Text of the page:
By Lynne Hewes
It’s a mild summer morning, and twelve women are sitting in lawn chairs on the lush green grass of the Garden City Zoo. Their concentration is evident: they lean forward, lips parted, brows slightly furrowed, eyes focused intently on the man in front of them.
His name is Ken Hosmer, and he’s an artist from North Platte, Nebraska, here to present a week-long watercolor workshop for this group.
He’s quiet, patient, calm, and sure in his movements. He speaks softly about what he’s doing, about placing warm and cool colors, about the virtue of creating a pathway for the eye to follow in the painting he’s demonstrating.
The women watch closely, not speaking; they’re absorbed in the process of this work in progress. They will be creating their own masterpieces later in the afternoon.
These women call themselves the Southwest Kansas Plein Air Painters. They are an informal group, quick to tell you that they are not an organization, that they have no officers. Their objective is to get together to paint whenever they can. Their love of creating has brought them together, and many of them have been doing this long enough to have become good friends, although they live scattered in separate towns throughout Southwest Kansas. They tease each other, they joke; most of all, they encourage.
Some are quite accomplished in their own rights: some have taught art, some have their own galleries, some have sold artwork to collectors in several states. Others are still beginning, still perfecting their styles. No matter the level of skill, the words are always of support, always positive, always in praise of the artist’s efforts and talents.
These women have one thing in common: they love to create, to draw shapes, to mix colors, to look at reality and enhance it with their imagination.
Janice Baldwin, from Ulysses, has worked hard, with help from her friends, to put together this particular workshop. She drives to Garden City each day to attend. Although she’s a busy woman, she relishes this week of 9:00 to 4:00 lessons. It’s a time to get together with people she enjoys.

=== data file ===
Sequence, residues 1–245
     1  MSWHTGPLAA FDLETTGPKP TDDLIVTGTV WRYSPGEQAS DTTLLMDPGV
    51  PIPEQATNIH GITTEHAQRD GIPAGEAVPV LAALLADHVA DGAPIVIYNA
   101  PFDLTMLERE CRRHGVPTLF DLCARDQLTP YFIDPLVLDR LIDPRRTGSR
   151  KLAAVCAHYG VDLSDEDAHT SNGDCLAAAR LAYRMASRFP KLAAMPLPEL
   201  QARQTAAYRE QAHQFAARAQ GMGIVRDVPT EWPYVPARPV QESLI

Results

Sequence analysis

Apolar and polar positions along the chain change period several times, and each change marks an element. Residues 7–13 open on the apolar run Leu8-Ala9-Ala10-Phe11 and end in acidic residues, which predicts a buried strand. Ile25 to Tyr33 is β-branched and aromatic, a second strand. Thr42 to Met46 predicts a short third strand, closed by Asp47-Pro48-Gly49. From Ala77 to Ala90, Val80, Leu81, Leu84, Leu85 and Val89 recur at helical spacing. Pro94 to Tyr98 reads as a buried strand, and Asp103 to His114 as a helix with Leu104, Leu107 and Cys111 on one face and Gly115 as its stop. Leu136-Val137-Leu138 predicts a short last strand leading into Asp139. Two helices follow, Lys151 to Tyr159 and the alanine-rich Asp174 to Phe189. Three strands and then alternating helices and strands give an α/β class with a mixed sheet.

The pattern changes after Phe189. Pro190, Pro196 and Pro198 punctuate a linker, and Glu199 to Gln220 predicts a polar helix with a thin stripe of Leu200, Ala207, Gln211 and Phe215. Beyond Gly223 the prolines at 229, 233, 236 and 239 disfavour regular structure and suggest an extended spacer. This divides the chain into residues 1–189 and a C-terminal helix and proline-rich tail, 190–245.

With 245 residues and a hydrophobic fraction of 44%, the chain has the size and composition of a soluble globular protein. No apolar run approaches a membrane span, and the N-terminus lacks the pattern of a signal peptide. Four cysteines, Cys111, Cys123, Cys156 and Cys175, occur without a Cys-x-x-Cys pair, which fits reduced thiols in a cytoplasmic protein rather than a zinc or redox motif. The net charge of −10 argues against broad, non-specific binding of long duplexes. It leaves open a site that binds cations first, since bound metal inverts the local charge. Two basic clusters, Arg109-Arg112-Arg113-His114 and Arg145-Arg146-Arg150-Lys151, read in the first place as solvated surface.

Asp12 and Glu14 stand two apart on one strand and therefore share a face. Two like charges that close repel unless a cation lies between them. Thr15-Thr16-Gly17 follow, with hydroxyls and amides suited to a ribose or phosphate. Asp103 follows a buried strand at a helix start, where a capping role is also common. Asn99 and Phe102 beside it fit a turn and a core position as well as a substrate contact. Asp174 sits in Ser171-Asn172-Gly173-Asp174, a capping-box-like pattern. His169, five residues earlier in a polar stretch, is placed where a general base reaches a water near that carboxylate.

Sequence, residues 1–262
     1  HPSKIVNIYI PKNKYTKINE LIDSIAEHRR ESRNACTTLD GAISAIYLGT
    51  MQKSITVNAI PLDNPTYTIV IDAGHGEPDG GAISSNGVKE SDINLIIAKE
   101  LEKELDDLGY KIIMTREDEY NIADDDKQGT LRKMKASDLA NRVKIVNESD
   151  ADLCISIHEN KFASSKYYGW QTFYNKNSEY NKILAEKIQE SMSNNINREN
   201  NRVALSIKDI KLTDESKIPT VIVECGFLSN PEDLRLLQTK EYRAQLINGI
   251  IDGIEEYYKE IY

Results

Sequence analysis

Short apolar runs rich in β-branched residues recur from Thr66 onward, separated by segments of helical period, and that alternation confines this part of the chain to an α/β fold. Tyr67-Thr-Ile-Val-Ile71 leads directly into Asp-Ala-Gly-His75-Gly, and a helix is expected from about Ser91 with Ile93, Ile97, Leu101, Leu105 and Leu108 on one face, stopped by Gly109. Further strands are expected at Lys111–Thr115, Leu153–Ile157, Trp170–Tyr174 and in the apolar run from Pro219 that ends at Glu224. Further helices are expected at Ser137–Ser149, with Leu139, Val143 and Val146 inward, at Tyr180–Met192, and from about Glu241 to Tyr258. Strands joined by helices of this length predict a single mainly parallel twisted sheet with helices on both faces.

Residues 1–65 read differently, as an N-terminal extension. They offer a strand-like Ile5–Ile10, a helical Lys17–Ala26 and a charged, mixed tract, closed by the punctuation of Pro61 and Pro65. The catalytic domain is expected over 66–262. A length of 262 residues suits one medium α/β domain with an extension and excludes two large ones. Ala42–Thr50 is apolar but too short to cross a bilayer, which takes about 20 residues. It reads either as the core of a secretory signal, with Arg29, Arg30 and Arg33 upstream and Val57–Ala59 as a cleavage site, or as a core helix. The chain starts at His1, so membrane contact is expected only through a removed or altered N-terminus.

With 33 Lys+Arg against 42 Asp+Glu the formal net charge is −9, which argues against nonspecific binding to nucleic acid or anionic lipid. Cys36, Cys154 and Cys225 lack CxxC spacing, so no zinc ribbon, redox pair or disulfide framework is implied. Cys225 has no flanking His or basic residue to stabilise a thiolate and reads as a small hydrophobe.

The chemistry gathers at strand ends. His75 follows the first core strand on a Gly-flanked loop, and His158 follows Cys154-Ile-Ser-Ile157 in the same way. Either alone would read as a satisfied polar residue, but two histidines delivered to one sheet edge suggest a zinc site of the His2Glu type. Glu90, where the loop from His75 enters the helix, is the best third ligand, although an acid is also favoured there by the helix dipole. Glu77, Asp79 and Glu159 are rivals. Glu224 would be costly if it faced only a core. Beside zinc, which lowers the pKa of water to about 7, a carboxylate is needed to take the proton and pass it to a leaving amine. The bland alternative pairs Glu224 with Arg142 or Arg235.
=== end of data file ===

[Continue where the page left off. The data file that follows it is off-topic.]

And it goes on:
“The thing I like best about the group,” Baldwin says, “is the camaraderie. We’re all here to paint. It’s what we enjoy. Art work is a release, a chance for people to express themselves and to get away for a while from everything else going on in their lives.”
Baldwin exhibits her work at The Main ARTery in Ulysses. Her paintings have been purchased by collectors in several states, but she says she still enjoys the workshops, learning something new each time she attends.
“Most of all, though, I enjoy being with the group for the enthusiasm we have around each other. We’re supportive, we help each other, we’re enthusiastic for each person’s success.”
That enthusiasm is evident today at the zoo.
Before Hosmer arrived today, Irene Unruh showed up a bit early. She set her paints down and leaned against the fence surrounding a duck pond, already planning a painting.
“Look at the shadows on those trees,” she says. “See the colors reflected from the light on the water: orange, blue, purple…. you could paint that sparkling water. The light is dancing right now, like diamonds. You could put a swan in there, right in front of that darkest shadow.”
Unruh teaches art classes at the Garden City Senior Center, and in her spare time she’s creating a picture book about her life to give as a present to her grandchildren. The center-spread of the book will be a folk-art painting of the tiny community east of Ashland where she grew up. The painting is from her memory of how things were in the 1930s. Most of the buildings are now long gone.
“I just like to paint, to experiment,” she says. “This group gives me a chance to try new things. If you live out here [in Western Kansas], unless you sponsor a workshop, you almost have to go all the way to Wichita or Denver to find instruction.”
The Plein Air painters have sponsored several workshops in the four or five years of their existence as a group.
In addition to Hosmer, the group organized a workshop featuring Frank LaLumia, from Trinidad, Colorado, and one of the top seven plein air painters in the United States.
“Frank had us painting outside, rain or shine,” says Wanda Stallings, artist and former art teacher who lives in Garden City. “We’d do thumbnail sketches outside, and maybe finish the painting inside. He really hammered our strengths and weaknesses. He spurred us on. And he remembers everything. Once, quite a while after the workshop, some of us went to Trinidad and stopped by his studio. He looked at me and instantly remembered my problem with mid-values. It was very encouraging.”